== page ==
27. My take on the New Street “Diet” is that it is a complete waste of tax payers money. I live just south of New Street so travel along it frequently. At this point I would say I have probably seen about 5 or 6 bicycles in the lanes and (correct me if I am wrong) I have not seen the Mayor or any of the councillors riding in it. There is a perfectly bike path along New Street that I believe runs from Burloak to either Torrance or Martha Street so why the duplication. Please let New Street fatten up again and get rid of the traffic jams.

    • Sandra,
      I have cycled in the bike lanes, and I saw Jack Dennison out cycling them also. Can’t speak for the others. I will say I prefer the quiet and beauty of the bike path and even the side streets to hot, noisy, busy New, with little shade.

      • I do understand your preference. I live in the area and am directly impacted by the New St. fiasco. The large majority of the cyclists I see are families and seniors who cycle along Spruce and on the bike path; very, very few on New Street.

  28. One thing that is kind of weird about this trial is the choice of location. I don’t really expect a huge impact difference in cycling on that particular stretch, due to the proximity of the bike path. If this were Walkers-to-Appleby, or Appleby-to-Burloak, where the distance from New St. to the path is much greater, that would make more sense to me as a location for a trial such as this. At Burloak, if you want to use the trail, you have to go all the way up to the train tracks. At Appleby, it’s almost at Fairview. If you’re planning on going to, say, Appleby Village at Appleby and New St to run a few errands, this is a significant detour for a human-powered vehicle. But at Guelph line…. the trail actually crosses New St close to there. At Walkers, it’s not very far to/from the trail at all. As a cyclist, I would choose the trail over the road there.

    In short, I fear that the results of this trial will show little improvement in cycling uptick on that particular stretch of New St, and that you guys on council will just go “well, that’s it, I guess nobody wants to cycle on New St” and give up on cycling infrastructure on New St entirely.

    That said, if it’s a matter where we have to choose between good transit and good bike infrastructure, I guess I would have to agree with you that transit should have the priority. It’s a shame to have to frame this that way though, as the city’s official plan claims to prioritize both things. Being a transit user means having a pedestrian component, and can also have a biking component if the situation is friendly enough to encourage riding your bike to a location to grab a bus.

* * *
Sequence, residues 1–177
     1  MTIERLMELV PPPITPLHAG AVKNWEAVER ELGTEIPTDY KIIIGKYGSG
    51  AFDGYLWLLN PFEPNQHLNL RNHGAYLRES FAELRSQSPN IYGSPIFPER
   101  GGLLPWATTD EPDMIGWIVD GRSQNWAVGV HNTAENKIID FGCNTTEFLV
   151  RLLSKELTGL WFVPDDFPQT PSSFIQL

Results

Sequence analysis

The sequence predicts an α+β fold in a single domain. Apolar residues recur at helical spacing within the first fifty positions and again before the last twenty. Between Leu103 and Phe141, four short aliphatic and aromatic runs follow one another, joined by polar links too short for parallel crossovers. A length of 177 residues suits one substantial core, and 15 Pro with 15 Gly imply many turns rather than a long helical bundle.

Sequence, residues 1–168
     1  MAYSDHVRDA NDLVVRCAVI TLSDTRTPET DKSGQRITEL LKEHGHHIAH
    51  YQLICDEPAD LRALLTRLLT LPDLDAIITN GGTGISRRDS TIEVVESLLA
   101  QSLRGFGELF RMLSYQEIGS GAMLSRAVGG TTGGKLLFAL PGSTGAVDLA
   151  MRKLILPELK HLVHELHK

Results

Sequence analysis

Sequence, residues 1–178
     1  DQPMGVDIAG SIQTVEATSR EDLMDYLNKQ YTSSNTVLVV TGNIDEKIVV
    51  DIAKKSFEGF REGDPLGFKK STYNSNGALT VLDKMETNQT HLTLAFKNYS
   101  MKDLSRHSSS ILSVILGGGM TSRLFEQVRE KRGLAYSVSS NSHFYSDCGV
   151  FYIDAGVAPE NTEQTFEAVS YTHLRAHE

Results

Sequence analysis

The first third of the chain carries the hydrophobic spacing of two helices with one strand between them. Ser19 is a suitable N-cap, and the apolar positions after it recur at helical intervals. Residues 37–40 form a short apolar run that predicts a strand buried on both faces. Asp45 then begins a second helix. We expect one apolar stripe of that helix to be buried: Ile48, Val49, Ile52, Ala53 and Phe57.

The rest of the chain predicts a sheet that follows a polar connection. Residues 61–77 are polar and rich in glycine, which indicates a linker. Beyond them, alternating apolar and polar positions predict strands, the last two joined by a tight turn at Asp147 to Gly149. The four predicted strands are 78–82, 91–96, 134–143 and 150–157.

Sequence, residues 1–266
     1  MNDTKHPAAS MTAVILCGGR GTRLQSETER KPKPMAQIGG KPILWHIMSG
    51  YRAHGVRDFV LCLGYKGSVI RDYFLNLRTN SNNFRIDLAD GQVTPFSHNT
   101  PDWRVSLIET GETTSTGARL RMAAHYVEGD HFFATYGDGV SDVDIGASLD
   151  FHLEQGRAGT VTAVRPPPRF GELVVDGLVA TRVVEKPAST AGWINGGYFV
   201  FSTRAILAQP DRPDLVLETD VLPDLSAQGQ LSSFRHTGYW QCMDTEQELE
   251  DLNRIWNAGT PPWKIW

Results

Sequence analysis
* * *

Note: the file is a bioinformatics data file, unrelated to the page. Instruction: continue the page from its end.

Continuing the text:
29. I have driven New St. in both directions at least a dozen return trips between Guelph Line and Walkers Line in the last 2 weeks. In those thrips I have seen a total of 8 cyclists of whom only 2 have used the bicycle lanes. All others have used the sidewalk. I noticed that students exclusively use the sidewalk as they tend to be on their cycles while friends walk beside them. As an east-west route, the serious cyclists use Lakeshore, not New Street. As winter approaches and the weather deteriorates, even fewer cyclists can be expected to use New Street and the loss of traffic lanes will contribute to even further traffic snarls as New Street takes overloads form other blocked east-west arteries. I have to say that I am not happy with with the waste of over $200,000. to accommodate so few cyclists, it seems many of whom will use the sidewalk regardless. I’m sure that cost does not include the cost of reverting to a 4 lane artery.

    • I fully agree… and I have to wonder what kind of investigation was done to find out the cycling volume along New Street before this was implemented. I am not, however, in favour of any cycling on Lakeshore… it is just too narrow and is, in my opinion, an accident waiting to happen… The paved trail is an excellent alternative…

    • Ian, Good points. To clarify, the cost does include returning the lanes to 4. There is still a top layer of asphalt to be poured next year, and lanes will need to be repainted at that time to whichever configuration council decides. The cost was for repainting the road now for the test.

  30. My take?
    It should have never been approved!
    It has created a very dangerous situation and should be reversed as soon as possible!

  31. Hi Marianne, I respect your views and opinions.. You’ve been a voice for the residents.. many times, the lone voice. But perhaps you didn’t know how much of a traffic problem this could cause.

    I’m avid biker (road bike that is). And I live on New and Guelph line. I ride my bike and my mountain bike often. But I also drive on New st. And the traffic has become completely ridiculous. The worst part about choosing New st is that we have a paved trail just north of New st that runs from Guelph line to Burloak.. and another paved trail just south of New st from Guelph line to Downtown.

    Maybe the city could have chosen a road that didn’t have paved bike paths nearby.? I would vote to dismantle and forget the 1 year experiment.. It’s already a huge issue.. just ask the residents that live there..

    thank you


  32. I rarely see cyclists on New Street or anywhere in downtown Burlington, for that matter. The cycle/walking path that travels east/west should be used instead. Even putting a “bike path” on New Street, as has been done, is dangerous for the cyclists (and drivers) as cyclists are way too close to traffic. The alternative being proposed of a bike path beside the New Street sidewalk may be expensive, but if we REALLY want to support a cycling culture, safety should be of the utmost concern and this is a much safer option